Plants and algae have a large capacity to acclimate themselves to changing environments. We are interested in these acclimation processes, in particular, how efficiently yet safely they harness sunlight for photosynthesis under the changing light environment. Using a model green alga, we are studying the molecular mechanisms underlying the photoacclimation of the photosynthetic machinery. We are also applying the knowledge obtained in the studies of model green alga to various phytoplankton including diatoms in the subarctic North Pacific, prasinophytes in the Mediterranean Sea, and Symbiodinium in corals in tropical oceans, to explore how these environmentally important photosynthetic organisms thrive in their ecological niche.
Using a unicellular green alga Chlamydomonas reinhardtii, we investigate the molecular mechanisms underlying the acclimation processes of the photosynthetic complexes by means of biochemistry, molecular genetics, absorption and fluorescence spectroscopy, and bio-imaging.
The two photosystems—photosystem I (PSI) and II (PSII)—in the thylakoid membranes function as charge-separation devices. Each has a distinct pigment system with distinct absorption characteristics (PSI has a broad absorption peak in the far-red region as well as peaks in the blue and red regions, whereas PSII has absorption peaks in the blue and red, but not in the far-red region) and a distinct action spectrum. Thus, an imbalance of energy distribution between the two photosystems tends to occur in natural environments, where light quality and quantity fluctuate with time. Since the two photosystems are connected in series under normal conditions, green plants and algae need to constantly balance their excitation levels to ensure optimal efficiency of electron flow. State transitions occur under such conditions to redistribute the harnessed energy to minimize its unequal distribution.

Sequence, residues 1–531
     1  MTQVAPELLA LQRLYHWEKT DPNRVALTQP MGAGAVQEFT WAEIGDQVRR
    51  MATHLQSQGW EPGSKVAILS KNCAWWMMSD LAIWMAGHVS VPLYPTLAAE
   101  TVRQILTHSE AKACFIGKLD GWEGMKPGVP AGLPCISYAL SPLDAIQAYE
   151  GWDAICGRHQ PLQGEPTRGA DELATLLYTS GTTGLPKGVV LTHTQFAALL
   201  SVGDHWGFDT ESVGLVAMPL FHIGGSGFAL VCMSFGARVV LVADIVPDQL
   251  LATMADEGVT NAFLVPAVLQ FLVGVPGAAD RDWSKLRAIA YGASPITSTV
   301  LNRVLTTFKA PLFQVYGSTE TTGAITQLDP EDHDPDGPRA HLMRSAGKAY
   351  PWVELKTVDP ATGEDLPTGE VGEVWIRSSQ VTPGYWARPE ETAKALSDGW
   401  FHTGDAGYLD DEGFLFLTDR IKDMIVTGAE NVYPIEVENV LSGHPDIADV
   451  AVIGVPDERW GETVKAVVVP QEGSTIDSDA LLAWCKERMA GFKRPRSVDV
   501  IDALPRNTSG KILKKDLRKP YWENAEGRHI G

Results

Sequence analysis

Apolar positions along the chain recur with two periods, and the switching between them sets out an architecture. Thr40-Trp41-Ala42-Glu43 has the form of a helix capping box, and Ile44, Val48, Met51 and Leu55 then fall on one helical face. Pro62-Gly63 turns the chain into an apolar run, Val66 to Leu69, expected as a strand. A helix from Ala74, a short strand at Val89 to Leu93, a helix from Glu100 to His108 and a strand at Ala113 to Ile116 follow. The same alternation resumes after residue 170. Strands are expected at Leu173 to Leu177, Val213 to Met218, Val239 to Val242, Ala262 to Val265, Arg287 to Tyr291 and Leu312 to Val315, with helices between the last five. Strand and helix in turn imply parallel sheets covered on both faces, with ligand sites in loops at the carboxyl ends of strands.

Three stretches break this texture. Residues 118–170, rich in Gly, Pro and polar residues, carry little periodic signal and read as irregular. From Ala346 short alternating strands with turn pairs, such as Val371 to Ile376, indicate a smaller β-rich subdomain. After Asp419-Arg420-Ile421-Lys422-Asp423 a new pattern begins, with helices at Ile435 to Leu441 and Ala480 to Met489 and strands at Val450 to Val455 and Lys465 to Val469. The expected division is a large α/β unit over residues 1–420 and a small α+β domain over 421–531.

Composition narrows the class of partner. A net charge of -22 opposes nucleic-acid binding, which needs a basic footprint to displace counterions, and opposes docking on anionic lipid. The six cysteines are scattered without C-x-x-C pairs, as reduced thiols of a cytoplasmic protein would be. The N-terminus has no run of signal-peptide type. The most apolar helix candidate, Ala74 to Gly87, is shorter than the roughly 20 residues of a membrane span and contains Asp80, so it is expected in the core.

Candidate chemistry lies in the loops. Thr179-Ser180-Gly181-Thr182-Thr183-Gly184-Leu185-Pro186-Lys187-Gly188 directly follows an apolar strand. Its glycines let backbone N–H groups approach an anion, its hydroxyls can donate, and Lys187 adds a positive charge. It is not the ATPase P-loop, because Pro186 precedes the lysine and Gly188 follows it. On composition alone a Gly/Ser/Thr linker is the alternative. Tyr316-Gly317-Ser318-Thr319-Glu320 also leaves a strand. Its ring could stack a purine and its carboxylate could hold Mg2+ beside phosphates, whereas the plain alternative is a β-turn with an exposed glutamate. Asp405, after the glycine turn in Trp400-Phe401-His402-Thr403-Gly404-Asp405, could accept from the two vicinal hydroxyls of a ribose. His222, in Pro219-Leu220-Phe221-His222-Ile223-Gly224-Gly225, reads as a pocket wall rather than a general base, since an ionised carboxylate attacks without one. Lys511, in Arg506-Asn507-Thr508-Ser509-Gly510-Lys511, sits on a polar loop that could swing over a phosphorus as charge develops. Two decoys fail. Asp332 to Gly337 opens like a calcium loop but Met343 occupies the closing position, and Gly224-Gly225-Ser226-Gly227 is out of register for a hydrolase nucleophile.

Although state transitions have been widely accepted as a short-term response in plants to acclimate to the fluctuating light conditions, most of the previous investigations were conducted in vitro, implying that the real impact on photosynthesis remains to be characterized. This year, we visualized phospho-LHCII dissociation during state transitions using fluorescence lifetime imaging microscopy (FLIM) for the first time in vivo, where the fluorescence lifetime in live C. reinhardtii cells was monitored under a fluorescence microscope during a transition from State 1 to 2. Initially, the average lifetime of fluorescence emitted between 680-700 nm was 170 psec, which was largely due to the PSII-bound LHCII, but it shifted to 250 psec when the cells were in transition to State 2 after 5 min. Single-cell FLIM further indicated that the dissociated LHCII spreads through the cell during State 2 transitions and forms several large spotted areas. Further biochemical analyses indicated that dissociated phospho-LHCII formed a large aggregated structure, whereas unphosphorylated LHCII did not. Thus, the free phospho-LHCII aggregates appearing during State 2 transitions are in energy-dissipative form.
Figure 1. Visualization of the progress of a state 1-to-2 transition by means of FLIM. Blue and red dots correspond to 170 and 250 psec lifetime components, respectively.